By David Cohen*
Opinion - The storm in a teacup - sorry, food tray - over Air New Zealand's decision to add a vegetarian burger to its menu on some long-haul flights is surprising in a country where vegetarian dishes have long been a fuss-free option for diners.
Air carriers, too, have a history of recognising that plenty of people don't eat meat, and plenty of those who do don't necessarily hanker after it for every meal.
Fly Virgin America in the United States, for instance, and you have the option of an autumn veggie wrap (with roasted pears and fig mustard dressing). Alaska Airlines has tomato hummus (whatever that is) and dark chocolate.
But Air New Zealand's latest, "fake beef", controversy over what's on some passengers' food trays may be less interesting than what the national carrier itself has been dining out on now for many years - which is to say, controversy itself.
In March, of course, there was a controversy over the carrier's safety video, which was filmed in locations such as Scott Base, Ernest Shackleton's hut and the Dry Valleys - continental neighbours, of course, to the site of Air New Zealand's greatest aviation disaster.
While nobody would gainsay the feelings of those who lost family and loved ones in the original crash, it's surprising that the thought of their likely response didn't cross the carrier's corporate mind.
A little earlier, of course, Air New Zealand was again in the news over its "controversial" puppet, Rico, who was eventually killed off after what seemed to be a fairly long run of 12 months.
In 2016, the airline attracted international attention for another "controversial" movie, er, inflight safety video, which made ample use of bikini-clad models and beautifully buffed surfers.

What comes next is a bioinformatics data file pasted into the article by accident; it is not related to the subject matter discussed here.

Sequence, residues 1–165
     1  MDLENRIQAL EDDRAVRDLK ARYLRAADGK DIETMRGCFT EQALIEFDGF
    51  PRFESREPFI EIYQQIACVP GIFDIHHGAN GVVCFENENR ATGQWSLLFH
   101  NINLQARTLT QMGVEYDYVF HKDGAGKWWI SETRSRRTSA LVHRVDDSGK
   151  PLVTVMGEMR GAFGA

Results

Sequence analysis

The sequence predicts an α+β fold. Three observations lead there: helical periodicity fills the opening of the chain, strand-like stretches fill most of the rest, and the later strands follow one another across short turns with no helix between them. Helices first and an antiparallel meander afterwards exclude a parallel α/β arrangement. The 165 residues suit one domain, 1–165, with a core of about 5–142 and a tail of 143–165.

"Air New Zealand has a novel approach by theming [sic] flight safety videos according to its audiences' interests and their destinations," a spokesperson later explained. "The airline has come in for some criticism about its productions, but, it is clear that the messages are capturing the public's attention."
In 2014, the carrier was presumably thunderstruck when travel agents abroad invited potential customers to debate the merits of the Sports Illustrated models in the "Safety In Paradise" video.
Thoughtfully, perhaps, much of the related coverage in the mainstream media made much use of photographs of the "controversial" models controversially reclining on controversial beaches in their controversial bikinis.
Still, at least the "beach babes" were wearing something.
Another viral video had eight flight attendants adorned in nothing but body paint, their "naughty parts" thoughtfully obscured by the beverage cart and luggage, as punters were urged to splash out on fares that had "nothing to hide".
A touch superfluously, one of the featured attendants memorably said she felt "naked" during the exercise.
Memorability may in fact be the wider point of these and other similar stunts.
Controversy, after all, has its own marketing rewards guaranteeing as it does longevity, immediate attention and eventual popularity.
However a billboard advertising Beehive Bacon was not so popular last week and was dumped after it was criticised for making light of statutory rape.
Here are some other examples of when campaigns go wrong.
In a case study conducted by renowned marketing agency Moz it was found that controversy can be a good thing for companies.
Playing it safe often equated with boring marketing, which in turn doesn't pick up enough traction to get the content noticed.
But companies should be warned that this has to be handled carefully.
The controversy has an understood relevance. It must have safeguards in place to protect the core brand. And it mustn't feed too much to the trolls.
Including, presumably, those who like their burgers rare and meaty.
*David Cohen is a Wellington writer.